• Junior ISAs. These accounts earn tax-free interest and have to be opened and managed by a parent or legal guardian, but the money belongs to the child and can only be withdrawn when they’re 18. You can only pay up the maximum yearly allowance into a junior ISA, which is £9,000 for 2024/2025.

To choose the most suitable account for your kid, try thinking about the purpose for opening it. For example, if you want to teach them how to save and manage their money, an easy-access account will be better: you can decide a “savings goal” together and when they reach it, they can withdraw the money and use it to buy, say, that new video game they wanted. If you’re just trying to set aside some money for your kids’ university years instead, a Junior ISA or a fixed bond may be more suitable.

Junior stocks and shares ISAs

It can sometimes be a good idea to think beyond traditional options for children’s savings. Junior stocks and shares ISAs let you invest with the money you have paid in. You can either choose to use robo-advisors which have a selection of ready-made portfolios or opt for a DIY approach where you’d pick out the individual investments for the portfolio. Just remember that the tax-free allowance is £9,000 in each tax year and all the money paid in belongs to the child and can’t be accessed until they turn 18. Learn more about Junior stocks and shares ISAs.

Four lessons your children can learn from having a savings account

  1. Learn about budgeting. This one is obvious. Opening an account and having a fixed amount coming in and out of it teaches children about the basics of budgeting.
  2. See the value of saving. Most children have their sights set on new toys, video games, and accessories. If you set them up with an account, and drip pocket-money into the account – they’ll soon realise the value of saving. You might need to point it out, but you’d be surprised how many kids are naturally inclined to save, and become pretty determined to reach their goal!
  3. Understand interest… A regular piggy bank just sees the money sit there. A real bank is actually borrowing your money – and they’ll pay you for it! This is the basic explanation of interest that it’s important to grasp from a young age.
  4. …and how your money can work for you. Linked to interest is the idea that money can work for you. If a child is taught the basics of budgeting, saving, and understanding interest (as well as other tips and tricks!) they will really push their money and put it to good use.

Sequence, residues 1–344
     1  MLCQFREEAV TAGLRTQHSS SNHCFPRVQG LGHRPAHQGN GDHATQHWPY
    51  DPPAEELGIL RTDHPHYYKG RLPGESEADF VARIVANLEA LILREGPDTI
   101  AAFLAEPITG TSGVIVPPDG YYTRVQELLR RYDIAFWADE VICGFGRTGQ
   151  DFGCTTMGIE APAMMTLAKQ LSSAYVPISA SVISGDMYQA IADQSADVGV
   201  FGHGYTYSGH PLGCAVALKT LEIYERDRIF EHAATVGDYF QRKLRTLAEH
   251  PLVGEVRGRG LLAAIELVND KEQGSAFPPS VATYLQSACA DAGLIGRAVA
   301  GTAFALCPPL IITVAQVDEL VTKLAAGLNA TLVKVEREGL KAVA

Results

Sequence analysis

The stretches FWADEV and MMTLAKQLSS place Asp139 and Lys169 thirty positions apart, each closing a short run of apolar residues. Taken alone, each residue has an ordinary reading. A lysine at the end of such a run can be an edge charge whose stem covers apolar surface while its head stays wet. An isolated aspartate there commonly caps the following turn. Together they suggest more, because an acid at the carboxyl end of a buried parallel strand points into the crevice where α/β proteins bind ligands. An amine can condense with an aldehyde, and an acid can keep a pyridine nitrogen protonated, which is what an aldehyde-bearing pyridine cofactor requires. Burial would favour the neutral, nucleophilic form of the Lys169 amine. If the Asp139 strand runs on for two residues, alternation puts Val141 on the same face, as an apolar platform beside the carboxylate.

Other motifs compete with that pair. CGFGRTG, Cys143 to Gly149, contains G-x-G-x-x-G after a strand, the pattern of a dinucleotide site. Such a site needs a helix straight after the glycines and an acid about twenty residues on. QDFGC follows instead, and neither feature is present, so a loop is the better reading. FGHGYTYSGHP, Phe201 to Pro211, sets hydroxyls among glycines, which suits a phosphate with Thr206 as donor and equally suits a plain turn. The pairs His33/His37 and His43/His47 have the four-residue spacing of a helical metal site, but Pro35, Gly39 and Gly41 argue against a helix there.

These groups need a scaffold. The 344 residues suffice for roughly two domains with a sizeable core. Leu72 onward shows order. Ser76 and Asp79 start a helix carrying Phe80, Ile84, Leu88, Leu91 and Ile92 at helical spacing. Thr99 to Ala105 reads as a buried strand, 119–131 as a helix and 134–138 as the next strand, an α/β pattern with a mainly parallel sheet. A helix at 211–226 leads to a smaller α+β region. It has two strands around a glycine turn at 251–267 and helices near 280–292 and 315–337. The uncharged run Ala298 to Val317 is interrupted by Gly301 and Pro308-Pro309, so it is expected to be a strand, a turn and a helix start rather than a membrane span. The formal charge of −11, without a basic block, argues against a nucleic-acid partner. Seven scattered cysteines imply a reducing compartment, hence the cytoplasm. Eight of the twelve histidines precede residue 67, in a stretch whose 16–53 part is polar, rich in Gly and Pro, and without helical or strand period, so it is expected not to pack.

Children’s savings accounts and tax

In most cases, children don’t have to pay taxes on the interest they earn on their savings accounts – that’s because they don’t earn any money. However, taxes will apply if:

  • They earn more than their personal allowance. Say, from a fund in their name. The personal tax allowance for 2021-20 is £12,570.
  • They earn more than £100 a year in interest from money given by their parents or legal guardians. The thinking behind this is to stop parents, guardians or step-parents using their kids as a tax-free extra allowance. This rule doesn’t apply if the money is given by another relative or a friend.

How can I open a child savings account?

Any parent or guardian can open up a child’s savings account or a Junior ISA. Individual providers may vary when it comes to an adult who is neither the parent or guardian trying to set up the account, so you’ll have to check that out.

Otherwise it’s as simple as opening up any normal savings account: you’ll basically need your personal details and a proof of ID.

We show offers we can track - that's not every product on the market...yet. Unless we've said otherwise, products are in no particular order. The terms "best", "top", "cheap" (and variations of these) aren't ratings, though we always explain what's great about a product when we highlight it. This is subject to our terms of use. When you make major financial decisions, consider getting independent financial advice. Always consider your own circumstances when you compare products so you get what's right for you. Most of the data in Finder's comparison tables has the source: Moneyfacts Group PLC. In other cases, Finder has sourced data directly from providers.